Cantina"s Remorse (A Shannon O"Day Sketch)

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((Washington High School, as told by a Schoolmate) (fall, 1966)) As told by a Schoolmate From a little after the abortion until almost the middle of fall, now in school, at Washington High School, off Rice Street, near Maryland, during these chilled days of October, Catherine O'Day (better known as Cantina sat in what Miss Hildegard Kremer, librarian, who had attended the University of Alabama) as often as Cantina could, sat in that dim hot airless library room with blinds wide open and fastened tightly as for the students not to close them, because that light and unmoving air carried heat, and she didn't like to be cool, and that as the sun shone wider and hotter on that side of the building, less students seemed to come in, bothered by the sun's rays, and heat, especially in the summer and spring months.
The shelves were still full of dust, and cobwebs, they had drifted inward in back of the books and above the books, and chips of old dried-up paint, that the wind-had the wind had a chance, had Miss Gardner opened up those windows, would have perhaps shifted about some.
Outside the window was a large pine tree, its truck like iron ore, its branches extended outward as if it had fingers (in particularly this one), and this certain one, appeared to have its own torso in-between its beginning and end.
Sparrows came often to settle and gossip on that old thick branch, they had a nest someplace above that branch.
The tree was near as tall as the three story building.
They'd fly on and off of that branch, randomly, all day long; it was-looked like anyhow, a meeting place, a safe haven.
Miss Gardner lived in white and black cloths, which she worn for eternity it seemed to us students.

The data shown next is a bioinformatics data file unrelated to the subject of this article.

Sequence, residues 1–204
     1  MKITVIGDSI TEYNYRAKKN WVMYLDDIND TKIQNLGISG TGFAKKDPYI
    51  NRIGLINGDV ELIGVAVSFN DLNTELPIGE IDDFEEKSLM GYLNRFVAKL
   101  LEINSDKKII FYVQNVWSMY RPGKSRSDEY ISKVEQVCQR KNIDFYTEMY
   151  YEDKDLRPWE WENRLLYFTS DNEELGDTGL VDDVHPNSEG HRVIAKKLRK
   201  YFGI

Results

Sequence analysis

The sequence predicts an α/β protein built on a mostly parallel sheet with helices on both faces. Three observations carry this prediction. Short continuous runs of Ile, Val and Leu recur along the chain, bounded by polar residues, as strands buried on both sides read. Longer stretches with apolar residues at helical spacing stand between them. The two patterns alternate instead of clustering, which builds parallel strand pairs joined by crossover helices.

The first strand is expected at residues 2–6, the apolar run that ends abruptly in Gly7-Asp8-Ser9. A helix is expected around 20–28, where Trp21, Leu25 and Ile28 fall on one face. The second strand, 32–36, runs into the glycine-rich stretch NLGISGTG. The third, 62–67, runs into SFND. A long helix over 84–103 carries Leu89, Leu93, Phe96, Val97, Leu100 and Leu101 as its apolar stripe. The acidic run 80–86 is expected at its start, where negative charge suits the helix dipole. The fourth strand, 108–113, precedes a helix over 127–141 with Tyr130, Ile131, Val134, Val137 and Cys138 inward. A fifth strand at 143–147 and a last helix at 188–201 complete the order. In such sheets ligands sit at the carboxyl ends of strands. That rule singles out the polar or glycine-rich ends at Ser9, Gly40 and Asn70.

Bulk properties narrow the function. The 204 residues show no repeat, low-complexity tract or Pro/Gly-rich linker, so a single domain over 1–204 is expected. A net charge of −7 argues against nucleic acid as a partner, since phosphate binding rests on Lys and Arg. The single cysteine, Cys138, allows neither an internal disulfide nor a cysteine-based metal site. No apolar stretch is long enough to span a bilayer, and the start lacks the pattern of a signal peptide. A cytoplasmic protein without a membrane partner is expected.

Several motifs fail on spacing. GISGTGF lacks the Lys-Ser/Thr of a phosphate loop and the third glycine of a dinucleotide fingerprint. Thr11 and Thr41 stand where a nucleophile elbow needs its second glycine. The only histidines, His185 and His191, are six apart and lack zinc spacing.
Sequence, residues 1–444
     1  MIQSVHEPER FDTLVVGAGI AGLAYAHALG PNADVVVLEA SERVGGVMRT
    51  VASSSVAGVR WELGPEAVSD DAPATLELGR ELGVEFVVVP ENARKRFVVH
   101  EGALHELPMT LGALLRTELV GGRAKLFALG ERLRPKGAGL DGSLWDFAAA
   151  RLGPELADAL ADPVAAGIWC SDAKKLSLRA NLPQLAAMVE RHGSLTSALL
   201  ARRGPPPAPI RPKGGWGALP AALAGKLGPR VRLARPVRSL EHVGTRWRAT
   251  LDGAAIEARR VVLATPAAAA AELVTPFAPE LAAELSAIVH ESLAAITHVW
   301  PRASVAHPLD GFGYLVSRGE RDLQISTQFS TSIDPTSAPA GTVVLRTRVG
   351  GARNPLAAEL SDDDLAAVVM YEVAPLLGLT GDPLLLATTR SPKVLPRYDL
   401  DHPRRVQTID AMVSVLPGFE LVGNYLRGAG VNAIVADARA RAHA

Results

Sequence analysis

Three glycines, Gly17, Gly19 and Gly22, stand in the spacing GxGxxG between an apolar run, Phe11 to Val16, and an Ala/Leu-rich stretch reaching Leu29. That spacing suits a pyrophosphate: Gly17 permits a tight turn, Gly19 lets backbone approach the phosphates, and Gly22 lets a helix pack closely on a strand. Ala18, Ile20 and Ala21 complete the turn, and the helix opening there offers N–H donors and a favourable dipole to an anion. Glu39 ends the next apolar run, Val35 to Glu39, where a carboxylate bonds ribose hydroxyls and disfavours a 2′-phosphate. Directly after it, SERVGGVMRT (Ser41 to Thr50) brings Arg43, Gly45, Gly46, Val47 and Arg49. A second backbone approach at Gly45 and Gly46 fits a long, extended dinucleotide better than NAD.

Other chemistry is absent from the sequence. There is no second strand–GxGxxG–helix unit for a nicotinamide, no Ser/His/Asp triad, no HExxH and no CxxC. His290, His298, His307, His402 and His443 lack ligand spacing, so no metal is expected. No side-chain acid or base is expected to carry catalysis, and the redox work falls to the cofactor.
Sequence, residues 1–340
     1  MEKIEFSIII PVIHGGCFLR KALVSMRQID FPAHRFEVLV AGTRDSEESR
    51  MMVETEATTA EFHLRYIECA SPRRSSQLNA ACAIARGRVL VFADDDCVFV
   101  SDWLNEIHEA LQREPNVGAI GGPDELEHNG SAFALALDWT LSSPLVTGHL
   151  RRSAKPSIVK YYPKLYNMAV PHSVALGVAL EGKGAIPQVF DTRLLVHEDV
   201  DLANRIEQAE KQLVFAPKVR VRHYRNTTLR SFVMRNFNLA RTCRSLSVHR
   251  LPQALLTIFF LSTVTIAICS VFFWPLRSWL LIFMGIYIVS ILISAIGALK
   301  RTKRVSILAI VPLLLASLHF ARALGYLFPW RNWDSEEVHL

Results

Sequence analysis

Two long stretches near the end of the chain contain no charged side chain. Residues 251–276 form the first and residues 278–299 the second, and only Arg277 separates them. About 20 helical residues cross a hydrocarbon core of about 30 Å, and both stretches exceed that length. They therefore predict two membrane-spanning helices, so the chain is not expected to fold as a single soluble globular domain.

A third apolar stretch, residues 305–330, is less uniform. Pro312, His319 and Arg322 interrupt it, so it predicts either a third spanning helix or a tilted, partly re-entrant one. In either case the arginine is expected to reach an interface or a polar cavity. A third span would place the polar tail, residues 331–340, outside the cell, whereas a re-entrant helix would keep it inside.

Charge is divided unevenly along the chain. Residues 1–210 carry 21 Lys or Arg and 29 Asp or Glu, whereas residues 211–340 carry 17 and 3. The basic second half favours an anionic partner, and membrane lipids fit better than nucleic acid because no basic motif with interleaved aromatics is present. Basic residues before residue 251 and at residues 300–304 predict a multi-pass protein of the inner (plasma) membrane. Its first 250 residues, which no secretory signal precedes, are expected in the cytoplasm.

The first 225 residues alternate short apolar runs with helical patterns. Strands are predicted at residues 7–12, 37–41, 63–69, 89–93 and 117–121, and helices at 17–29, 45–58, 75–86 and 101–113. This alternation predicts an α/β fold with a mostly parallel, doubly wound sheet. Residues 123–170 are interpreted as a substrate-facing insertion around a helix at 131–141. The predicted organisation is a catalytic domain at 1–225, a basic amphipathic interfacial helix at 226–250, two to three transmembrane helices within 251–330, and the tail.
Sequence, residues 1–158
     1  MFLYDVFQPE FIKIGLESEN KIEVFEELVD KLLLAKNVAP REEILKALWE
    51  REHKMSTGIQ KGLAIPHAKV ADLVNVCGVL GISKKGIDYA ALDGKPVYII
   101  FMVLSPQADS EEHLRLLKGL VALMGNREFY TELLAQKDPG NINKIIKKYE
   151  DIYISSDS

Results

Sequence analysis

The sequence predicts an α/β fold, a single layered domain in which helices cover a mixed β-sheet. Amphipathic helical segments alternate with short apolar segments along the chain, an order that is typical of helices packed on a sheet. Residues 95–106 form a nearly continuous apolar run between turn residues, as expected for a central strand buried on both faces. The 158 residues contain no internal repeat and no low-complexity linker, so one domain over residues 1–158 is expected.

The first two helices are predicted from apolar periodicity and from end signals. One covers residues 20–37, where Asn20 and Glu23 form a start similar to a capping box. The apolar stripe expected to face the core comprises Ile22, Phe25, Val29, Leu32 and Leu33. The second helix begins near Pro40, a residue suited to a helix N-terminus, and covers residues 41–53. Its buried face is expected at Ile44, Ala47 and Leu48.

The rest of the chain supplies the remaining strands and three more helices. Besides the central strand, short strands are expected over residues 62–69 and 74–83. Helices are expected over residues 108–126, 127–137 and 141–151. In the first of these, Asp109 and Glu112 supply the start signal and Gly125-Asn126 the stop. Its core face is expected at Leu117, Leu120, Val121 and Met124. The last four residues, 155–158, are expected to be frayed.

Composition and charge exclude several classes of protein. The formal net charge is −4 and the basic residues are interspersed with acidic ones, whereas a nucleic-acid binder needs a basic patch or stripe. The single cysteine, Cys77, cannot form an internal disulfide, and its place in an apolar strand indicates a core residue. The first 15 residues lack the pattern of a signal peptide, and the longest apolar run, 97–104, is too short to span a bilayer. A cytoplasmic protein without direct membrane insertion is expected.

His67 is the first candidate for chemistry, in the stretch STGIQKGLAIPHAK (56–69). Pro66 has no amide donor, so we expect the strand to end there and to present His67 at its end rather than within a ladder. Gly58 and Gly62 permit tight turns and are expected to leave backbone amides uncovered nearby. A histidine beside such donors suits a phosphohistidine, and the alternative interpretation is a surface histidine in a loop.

She was in her late forties.
She never spoke of a dead or past husband, children, sister or brother, not a boyfriend-like-husband, either.
We all figured at the school though, she had a mother and father, everyone gets one of those.
And Cantina, my best of best friends, and a friend to many of us at school, she just sat there by that window, where the sparrows met, straight upright, in those straight hard-rock like chairs, her legs rigid as if they were made out of that same iron ore the pine tree was made out of, and her ankles resting on another chair to the side of her, the floor shinning from wax, over waxed, and talking-no, more like mumbling to herself, in a grim tired voice, wondering if her dead infant was in hell or heaven, or someplace in-between, self-puzzled, and now the short-dead, no longer was an object, it was a baby, more important now than in that near indomitable past, while in her world of frustration, so it appeared to us.
Quiet, safe, out of the reach of humanity, there she sat, dreamy in that dominant sun-dust room, day after day after day-whenever she could, even after school hours.
I was standing by a shelf of books behind Cantina, she was sitting in her usual place, Miss Gardner knew I would over hear, and that her words would not simply vanish, and we never thought of her as sweet and oversweet, more on the unsmiling savage, quiet, sun impacted, near distilled, kind of an embattle woman, until today-about the faint laced of light shinning on Cantina's face, that wrangled face, a crucified child she said: "Don't guilt yourself too much.
God doesn't.
God forgives and forgets and cares for your little one, King David confirmed that Biblically.
" And then out of the long silence, like a stream, a trickle of rain cam from her eyes, she looked up at Miss Gardner, her face was like a ghost, a pale shadowy haunted face, she had, the voice which now echoed, ran through her body (woman-God-demon) all at once.
They both were now immobile.
In her long astonishment, "How do you know that?" said Cantina.
And Miss Gardner knew I was listening, suddenly the large big library, that seemed miles long, now tranquil, soundless, nothing but light and heat and breathing could be heard, "Let me explain my view on the matter of your abortion, knowing so well, how young people are deceived, if that is okay with you? It seems that a certain demon has named you his quest for 1966.
Strange isn't it.